Today has been a long day of baseball. It began with a morning trade between the Yankees and Twins, and rolled along with rumors still linking New York to Sonny Gray. The afternoon stretched on as the Rays and Yankees played a slow, pitching change/mound conference filled game. By the end, the Yankees’ winning streak was snapped at six, as Jordan Montgomery was chased early and the offense failed to capitalize on a number of chances.
Montgomery was coming off one of his best starts of the year against Cincinnati, but he quickly found himself in trouble. He walked Steven Souza and allowed a single to Lucas Duda, and Trevor Plouffe managed a two-out RBI single to make it 1-0.
That lead wouldn’t last long. In the bottom of the second, Chase Headley, in the midst of a very solid stretch that has brought his season wRC+ above 100, worked a walk against Rays starter Jacob Faria. Ronald Torreyes then lined his third homer of the year just over the wall in left for a 2-1 lead.
Yet the Rays kept finding ways to bother Montgomery. Peter Bourjos led off the third with a double, Evan Longoria reached on an infield single, and Lucas Duda walked to load the bases with one out. Montgomery was able to fan Plouffe, but the Rays picked up three more two-out runs after Corey Dickerson and Wilson Ramos each singled to give Tampa a 4-2 advantage and knock Montgomery from the game.
The Rays were patient versus Montgomery. One of the ways the rookie has remained effective this season has been getting hitters to swing at bad pitches; opposing hitters have swung at his offerings at an above average rate despite Montgomery throwing strikes at a low rate. Today, the Rays swung at just 40% of his pitches, content to make Montgomery work.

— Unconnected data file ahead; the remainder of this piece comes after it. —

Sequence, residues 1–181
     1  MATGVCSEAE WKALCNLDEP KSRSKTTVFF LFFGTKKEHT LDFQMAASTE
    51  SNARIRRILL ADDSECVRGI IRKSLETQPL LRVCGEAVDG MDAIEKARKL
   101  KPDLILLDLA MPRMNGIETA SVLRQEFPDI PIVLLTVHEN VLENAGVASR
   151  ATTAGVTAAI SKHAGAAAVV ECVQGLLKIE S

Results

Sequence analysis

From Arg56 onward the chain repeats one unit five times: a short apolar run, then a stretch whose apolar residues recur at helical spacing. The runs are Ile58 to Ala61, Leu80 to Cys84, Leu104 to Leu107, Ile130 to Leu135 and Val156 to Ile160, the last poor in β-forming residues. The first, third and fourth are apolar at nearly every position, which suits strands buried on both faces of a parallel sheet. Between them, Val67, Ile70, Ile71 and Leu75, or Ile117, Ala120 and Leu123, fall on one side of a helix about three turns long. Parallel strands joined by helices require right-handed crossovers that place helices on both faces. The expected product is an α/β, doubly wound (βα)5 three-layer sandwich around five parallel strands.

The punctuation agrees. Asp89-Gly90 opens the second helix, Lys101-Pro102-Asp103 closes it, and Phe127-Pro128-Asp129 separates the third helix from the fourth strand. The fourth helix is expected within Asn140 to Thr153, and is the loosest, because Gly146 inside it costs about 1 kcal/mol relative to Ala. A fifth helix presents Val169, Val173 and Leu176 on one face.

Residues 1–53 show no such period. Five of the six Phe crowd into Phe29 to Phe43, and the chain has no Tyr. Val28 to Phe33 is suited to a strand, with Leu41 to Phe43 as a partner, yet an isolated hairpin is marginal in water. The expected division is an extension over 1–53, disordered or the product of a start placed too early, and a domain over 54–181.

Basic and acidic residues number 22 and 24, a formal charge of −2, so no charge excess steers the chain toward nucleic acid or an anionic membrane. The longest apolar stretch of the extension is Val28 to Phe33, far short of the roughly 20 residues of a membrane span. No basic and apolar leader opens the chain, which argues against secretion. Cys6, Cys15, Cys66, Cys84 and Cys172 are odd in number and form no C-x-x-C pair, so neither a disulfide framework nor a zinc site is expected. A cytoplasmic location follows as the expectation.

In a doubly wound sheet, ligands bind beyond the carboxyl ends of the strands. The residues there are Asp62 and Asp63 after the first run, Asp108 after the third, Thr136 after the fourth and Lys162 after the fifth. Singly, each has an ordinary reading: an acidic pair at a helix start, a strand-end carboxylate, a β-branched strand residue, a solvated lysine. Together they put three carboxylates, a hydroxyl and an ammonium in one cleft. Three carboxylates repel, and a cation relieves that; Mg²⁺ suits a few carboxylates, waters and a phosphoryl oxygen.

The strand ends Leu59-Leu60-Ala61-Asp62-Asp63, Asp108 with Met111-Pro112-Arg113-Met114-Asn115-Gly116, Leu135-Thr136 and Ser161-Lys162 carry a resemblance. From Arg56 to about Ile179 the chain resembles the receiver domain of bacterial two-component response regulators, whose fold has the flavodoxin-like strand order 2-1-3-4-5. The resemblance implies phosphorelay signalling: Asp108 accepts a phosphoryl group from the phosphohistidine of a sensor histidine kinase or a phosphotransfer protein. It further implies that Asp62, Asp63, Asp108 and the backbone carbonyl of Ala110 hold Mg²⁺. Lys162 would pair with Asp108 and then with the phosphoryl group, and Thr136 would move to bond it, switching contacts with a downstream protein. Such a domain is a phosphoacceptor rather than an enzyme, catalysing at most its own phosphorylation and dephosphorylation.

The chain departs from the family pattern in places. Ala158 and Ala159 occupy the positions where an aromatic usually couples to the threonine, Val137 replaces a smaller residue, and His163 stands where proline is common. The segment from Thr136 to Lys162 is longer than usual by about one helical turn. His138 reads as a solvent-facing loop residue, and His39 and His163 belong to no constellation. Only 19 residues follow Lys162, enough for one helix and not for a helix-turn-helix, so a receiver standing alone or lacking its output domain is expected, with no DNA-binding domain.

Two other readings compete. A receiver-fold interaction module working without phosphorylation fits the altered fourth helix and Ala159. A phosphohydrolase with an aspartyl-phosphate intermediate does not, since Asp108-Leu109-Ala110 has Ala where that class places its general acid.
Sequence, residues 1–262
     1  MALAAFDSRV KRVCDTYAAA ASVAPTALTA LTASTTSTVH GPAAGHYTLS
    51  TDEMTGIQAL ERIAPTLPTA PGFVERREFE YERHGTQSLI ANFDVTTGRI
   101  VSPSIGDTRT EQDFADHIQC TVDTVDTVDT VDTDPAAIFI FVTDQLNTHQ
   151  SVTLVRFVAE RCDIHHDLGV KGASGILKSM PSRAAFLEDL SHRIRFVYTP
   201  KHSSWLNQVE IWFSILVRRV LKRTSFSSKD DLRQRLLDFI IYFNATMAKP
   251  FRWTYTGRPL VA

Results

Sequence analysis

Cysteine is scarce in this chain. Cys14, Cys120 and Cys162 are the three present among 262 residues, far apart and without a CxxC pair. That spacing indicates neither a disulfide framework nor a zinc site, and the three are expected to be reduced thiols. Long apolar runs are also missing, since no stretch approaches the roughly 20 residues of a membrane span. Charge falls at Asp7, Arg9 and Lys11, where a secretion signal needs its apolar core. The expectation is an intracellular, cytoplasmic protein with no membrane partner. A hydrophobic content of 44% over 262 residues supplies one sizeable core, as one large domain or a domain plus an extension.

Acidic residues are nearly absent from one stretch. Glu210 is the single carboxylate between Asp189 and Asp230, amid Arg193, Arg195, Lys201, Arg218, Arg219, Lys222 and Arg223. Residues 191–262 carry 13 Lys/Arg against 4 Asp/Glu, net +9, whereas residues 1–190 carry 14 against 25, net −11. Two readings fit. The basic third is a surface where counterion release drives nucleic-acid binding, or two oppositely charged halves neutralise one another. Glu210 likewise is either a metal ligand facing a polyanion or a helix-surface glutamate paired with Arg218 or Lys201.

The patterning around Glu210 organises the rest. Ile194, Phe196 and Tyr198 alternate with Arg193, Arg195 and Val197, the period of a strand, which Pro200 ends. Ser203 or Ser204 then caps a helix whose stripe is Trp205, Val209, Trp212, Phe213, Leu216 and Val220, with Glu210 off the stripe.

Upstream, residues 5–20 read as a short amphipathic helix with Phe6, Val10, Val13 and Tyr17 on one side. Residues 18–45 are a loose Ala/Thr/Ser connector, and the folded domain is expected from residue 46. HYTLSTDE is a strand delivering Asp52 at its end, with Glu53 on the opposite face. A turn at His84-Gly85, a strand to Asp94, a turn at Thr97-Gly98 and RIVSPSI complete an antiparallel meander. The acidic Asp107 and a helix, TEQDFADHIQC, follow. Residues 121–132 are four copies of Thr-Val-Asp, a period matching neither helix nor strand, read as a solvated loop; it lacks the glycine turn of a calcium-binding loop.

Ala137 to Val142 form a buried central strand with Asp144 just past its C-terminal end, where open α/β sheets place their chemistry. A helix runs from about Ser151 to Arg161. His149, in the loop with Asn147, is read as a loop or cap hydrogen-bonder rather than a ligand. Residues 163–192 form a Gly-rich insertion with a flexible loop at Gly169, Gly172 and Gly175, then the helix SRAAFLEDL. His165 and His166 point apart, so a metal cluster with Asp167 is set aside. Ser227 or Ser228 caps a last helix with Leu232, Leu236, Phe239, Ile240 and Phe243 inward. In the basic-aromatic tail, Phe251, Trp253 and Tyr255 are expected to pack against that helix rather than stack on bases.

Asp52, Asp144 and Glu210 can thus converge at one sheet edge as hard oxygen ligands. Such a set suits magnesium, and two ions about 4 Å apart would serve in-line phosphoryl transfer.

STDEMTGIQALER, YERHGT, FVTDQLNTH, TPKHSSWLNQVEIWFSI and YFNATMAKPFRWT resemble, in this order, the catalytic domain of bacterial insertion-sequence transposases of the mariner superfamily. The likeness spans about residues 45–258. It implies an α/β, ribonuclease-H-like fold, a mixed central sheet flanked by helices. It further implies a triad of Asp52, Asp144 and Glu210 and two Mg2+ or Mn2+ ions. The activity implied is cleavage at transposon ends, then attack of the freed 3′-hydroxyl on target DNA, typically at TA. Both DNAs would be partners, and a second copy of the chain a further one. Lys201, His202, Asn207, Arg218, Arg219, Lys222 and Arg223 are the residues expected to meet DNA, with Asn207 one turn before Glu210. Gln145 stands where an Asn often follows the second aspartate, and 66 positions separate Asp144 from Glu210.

The result was Montgomery’s shortest start of the year at just 2.2 innings. He gave up four runs on six hits, with five strikeouts compared to two walks. There was definitely some BABIP luck working against him, as all three singles he yielded in his disastrous third inning were hit softly at velocities between 65 mph and 85 mph per Statcast. Still, Montgomery was just a little too hittable, and the Rays were able to get the ball in play and knock him out with some timely hits.
Little Torreyes continued to keep the Yankees in the game though. He followed up his dinger with an RBI double in the bottom of the fourth, driving in Todd Frazier to slice the deficit to 4-3.
Luis Cessa relieved Montgomery and had one of his finer showings. He struck out the first four batters he faced and finished with 3.1 shutout innings. It was a needed shot in the arm as Cessa provided some relief to a bullpen corps that had been taxed a bit earlier this series after short outings from CC Sabathia and Caleb Smith.
Faria came to the end of his rope in the fifth. Walks to Brett Gardner and Clint Frazier to open the inning forced manager Kevin Cash to pull Faria in favor of Sergio Romo to face Aaron Judge. Romo fanned Judge and retired Matt Holliday, before Dan Jennings came on to induce a groundout from Didi Gregorius to extinguish the rally.
The Yankees wasted another big opportunity in the sixth. The bases were loaded with just one out, but Cash pushed the right button again, bringing on Steve Cishek, who retired Gardner and Clint Frazier to end the threat.
The Rays tacked on in the eighth in a rare poor moment from Chad Green. Souza doubled home Mallex Smith to extend their lead to 5-3. That Souza’s double came with two outs should come as no surprise, as every Tampa Bay run was crushingly scored with two outs.
The Yankees had one final chance in the ninth, putting a pair of runners on with one out against Rays closer Alex Colome. Neither Judge nor Holliday could come through with the decisive blow, and Colome earned his 30th save of the season.
The Yankees managed just one hit with runners in scoring position, while the Rays had five. There wasn’t much to separate the two teams, and the winning difference came down to hits (or lack thereof) at key moments. Even so, the Red Sox dropped another game to the Royals, meaning the Yankees are still alone in first in the AL East. They’ll look to widen their lead again tomorrow night, when they begin a home series against the Tigers in the first game post-trade deadline.